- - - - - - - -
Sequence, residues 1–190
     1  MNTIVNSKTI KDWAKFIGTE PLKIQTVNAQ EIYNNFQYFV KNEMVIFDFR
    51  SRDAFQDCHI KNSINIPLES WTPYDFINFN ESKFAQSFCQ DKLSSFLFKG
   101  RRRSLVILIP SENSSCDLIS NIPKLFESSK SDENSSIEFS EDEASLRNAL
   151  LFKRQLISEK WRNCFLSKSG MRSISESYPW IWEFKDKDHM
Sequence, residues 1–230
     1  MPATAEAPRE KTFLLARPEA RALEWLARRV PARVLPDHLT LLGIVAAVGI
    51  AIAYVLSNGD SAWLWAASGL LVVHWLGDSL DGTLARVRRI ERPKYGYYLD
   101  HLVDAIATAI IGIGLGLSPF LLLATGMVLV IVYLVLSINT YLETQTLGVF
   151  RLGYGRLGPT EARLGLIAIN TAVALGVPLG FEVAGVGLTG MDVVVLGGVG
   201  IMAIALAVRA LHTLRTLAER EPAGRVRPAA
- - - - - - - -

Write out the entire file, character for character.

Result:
Sequence, residues 1–190
     1  MNTIVNSKTI KDWAKFIGTE PLKIQTVNAQ EIYNNFQYFV KNEMVIFDFR
    51  SRDAFQDCHI KNSINIPLES WTPYDFINFN ESKFAQSFCQ DKLSSFLFKG
   101  RRRSLVILIP SENSSCDLIS NIPKLFESSK SDENSSIEFS EDEASLRNAL
   151  LFKRQLISEK WRNCFLSKSG MRSISESYPW IWEFKDKDHM
Sequence, residues 1–230
     1  MPATAEAPRE KTFLLARPEA RALEWLARRV PARVLPDHLT LLGIVAAVGI
    51  AIAYVLSNGD SAWLWAASGL LVVHWLGDSL DGTLARVRRI ERPKYGYYLD
   101  HLVDAIATAI IGIGLGLSPF LLLATGMVLV IVYLVLSINT YLETQTLGVF
   151  RLGYGRLGPT EARLGLIAIN TAVALGVPLG FEVAGVGLTG MDVVVLGGVG
   201  IMAIALAVRA LHTLRTLAER EPAGRVRPAA